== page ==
advertisement
advertisement
The Fast Company Executive Board is a private, fee-based network of influential leaders, experts, executives, and entrepreneurs who share their insights with our audience.

How to tame market chaos with first-principles thinking

First-principles thinking empowers agility and innovation, but only when people know you appreciate the lessons as much as the triumphs. And with each challenge presented and each answer revealed, you’re taking steps toward truly harnessing the potential of the chaos around you.

How to tame market chaos with first-principles thinking
[A. Solano/AdobeStock]

Imagine a massive sports field complex. Tens of thousands of people—athletes, coaches, parents, fans—scurry about over the course of a three-day tournament. Cars and vans cycle in and out with spare uniforms, equipment, food, and spectator gear. There’s an undeniable energy of excitement, nervousness, and expectation, all at differing levels across—and even within—different groups.

advertisement
advertisement

It is, in essence, chaos.

But it’s important to note that I don’t view chaos as some people do. I see it as the source of incredible raw power and endless potential. There are patterns to be found in chaos. In this case, each athlete had a jersey with a name or number. Each jersey had a logo on the front. But I also knew there were other patterns to be identified, addressed, or improved.

For me, that field represented a marketplace of opportunity. And the best way to leverage that opportunity was through first-principles thinking—a discovery process that helps you get to the underlying facts that build up into a larger economic equation.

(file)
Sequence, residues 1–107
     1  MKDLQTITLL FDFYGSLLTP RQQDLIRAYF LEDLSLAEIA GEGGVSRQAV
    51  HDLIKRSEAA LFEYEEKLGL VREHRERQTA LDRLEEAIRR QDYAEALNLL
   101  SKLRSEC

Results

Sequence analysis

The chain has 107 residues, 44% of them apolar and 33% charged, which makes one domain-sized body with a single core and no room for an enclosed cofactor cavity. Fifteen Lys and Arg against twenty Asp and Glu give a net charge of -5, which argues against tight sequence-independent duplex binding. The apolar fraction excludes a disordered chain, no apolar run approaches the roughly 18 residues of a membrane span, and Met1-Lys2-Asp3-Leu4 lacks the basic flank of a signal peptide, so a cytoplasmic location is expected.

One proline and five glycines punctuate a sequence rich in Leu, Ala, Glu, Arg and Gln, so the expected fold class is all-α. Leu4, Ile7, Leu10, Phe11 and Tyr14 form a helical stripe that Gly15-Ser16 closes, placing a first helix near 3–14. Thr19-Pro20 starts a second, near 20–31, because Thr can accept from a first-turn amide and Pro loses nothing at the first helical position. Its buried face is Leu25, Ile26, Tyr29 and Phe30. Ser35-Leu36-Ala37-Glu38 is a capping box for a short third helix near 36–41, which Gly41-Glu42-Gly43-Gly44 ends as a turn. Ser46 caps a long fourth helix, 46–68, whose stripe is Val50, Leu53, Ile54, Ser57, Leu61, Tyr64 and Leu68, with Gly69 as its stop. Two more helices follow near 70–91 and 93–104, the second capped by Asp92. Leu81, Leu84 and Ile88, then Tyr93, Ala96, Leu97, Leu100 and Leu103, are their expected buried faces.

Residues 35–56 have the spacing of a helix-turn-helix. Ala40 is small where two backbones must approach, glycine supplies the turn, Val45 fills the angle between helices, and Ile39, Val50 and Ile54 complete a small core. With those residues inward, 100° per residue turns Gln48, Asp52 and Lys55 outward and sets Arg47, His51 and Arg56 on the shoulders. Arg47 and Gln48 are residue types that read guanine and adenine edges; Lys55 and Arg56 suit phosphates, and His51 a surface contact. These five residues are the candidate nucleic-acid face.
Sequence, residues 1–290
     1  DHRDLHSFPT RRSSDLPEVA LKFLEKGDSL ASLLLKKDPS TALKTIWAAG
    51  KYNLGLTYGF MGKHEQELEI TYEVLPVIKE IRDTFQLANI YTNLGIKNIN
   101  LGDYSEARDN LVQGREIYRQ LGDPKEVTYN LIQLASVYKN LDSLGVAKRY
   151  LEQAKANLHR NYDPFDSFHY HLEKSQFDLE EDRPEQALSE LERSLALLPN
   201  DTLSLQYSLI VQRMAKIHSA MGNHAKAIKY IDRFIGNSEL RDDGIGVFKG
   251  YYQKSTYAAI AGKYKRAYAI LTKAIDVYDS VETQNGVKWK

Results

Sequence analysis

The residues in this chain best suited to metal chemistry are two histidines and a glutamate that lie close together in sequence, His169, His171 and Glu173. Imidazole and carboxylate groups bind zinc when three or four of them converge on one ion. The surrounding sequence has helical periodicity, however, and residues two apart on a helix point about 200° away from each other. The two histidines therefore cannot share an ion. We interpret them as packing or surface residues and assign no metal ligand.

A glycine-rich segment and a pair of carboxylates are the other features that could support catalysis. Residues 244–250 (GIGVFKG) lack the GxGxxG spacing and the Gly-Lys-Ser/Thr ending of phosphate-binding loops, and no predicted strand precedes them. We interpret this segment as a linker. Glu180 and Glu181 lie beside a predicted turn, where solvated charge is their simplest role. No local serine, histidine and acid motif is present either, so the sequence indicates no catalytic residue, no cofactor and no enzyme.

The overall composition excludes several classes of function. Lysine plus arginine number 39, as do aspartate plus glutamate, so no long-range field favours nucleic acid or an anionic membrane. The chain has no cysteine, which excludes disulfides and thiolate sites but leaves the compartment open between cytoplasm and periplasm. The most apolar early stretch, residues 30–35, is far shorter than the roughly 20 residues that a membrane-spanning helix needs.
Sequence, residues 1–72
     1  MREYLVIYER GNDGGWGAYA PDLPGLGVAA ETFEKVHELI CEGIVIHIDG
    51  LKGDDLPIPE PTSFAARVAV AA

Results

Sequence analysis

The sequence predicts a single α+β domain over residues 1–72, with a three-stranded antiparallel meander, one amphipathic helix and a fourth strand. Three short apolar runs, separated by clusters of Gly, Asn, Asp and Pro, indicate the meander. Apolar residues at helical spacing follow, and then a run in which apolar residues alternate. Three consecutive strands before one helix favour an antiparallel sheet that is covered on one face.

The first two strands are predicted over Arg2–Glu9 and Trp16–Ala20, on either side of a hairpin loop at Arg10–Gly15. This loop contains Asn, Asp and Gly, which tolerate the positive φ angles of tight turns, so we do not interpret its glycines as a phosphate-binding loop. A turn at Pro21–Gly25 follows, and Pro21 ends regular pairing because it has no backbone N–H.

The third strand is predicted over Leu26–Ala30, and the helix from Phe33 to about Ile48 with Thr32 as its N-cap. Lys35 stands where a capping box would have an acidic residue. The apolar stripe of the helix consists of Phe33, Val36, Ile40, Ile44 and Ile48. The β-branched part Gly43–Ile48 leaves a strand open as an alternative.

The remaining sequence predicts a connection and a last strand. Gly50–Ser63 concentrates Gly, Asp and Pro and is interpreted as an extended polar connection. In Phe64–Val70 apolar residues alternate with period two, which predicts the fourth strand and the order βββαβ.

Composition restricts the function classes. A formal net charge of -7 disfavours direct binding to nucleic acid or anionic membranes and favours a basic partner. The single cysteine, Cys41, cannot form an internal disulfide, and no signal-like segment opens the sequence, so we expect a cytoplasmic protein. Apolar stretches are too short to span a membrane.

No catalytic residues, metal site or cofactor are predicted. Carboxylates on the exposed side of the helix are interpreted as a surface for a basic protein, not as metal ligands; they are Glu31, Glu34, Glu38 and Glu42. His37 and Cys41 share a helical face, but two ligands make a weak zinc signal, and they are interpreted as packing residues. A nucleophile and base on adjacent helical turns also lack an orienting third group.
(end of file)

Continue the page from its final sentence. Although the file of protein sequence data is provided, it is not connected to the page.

advertisement

WHY ASK WHY?

I didn’t know I was practicing first-principles thinking until I heard about it on a podcast. I have a natural inclination to deconstruct in order to reconstruct or recreate better. Thinking back to that tournament, to all of those individuals with their individual patterns and needs (including myself as a parent of one of the athletes), I wanted to dive more deeply into how well those needs were being served.

There were two avenues of exploration for me. As a third-generation textile scientist, I could think at a granular level about the production process for uniforms, picnic blankets, sweatshirts, hats, etc. What methods were being used? Was there a faster way that still delivered quality? Was there a way that had less environmental impact? Was there an economical way that allowed individual changes to an order and/or eliminated order minimums?

advertisement

The second avenue was distribution (this was before Shopify and any ideas of an interactive stand-up e-commerce experience). Was there a way to simplify the ordering process for administrators as well as players and their parents? Was there a way to ease the burden of the traditional gear fulfillment process? Was there a way to deliver orders more quickly?

There are multiple analogies you could apply—solving puzzles with pieces missing, peeling an onion, etc. But with first-principles thinking, it always comes back to the “why.” Each “why” you answer leads to more data that may lead to more questions, but with each round, you get closer to the fundamentals. Once you have those, you can address the chaos and start to reshape the way things are done.

180 DEGREES TO INNOVATION

advertisement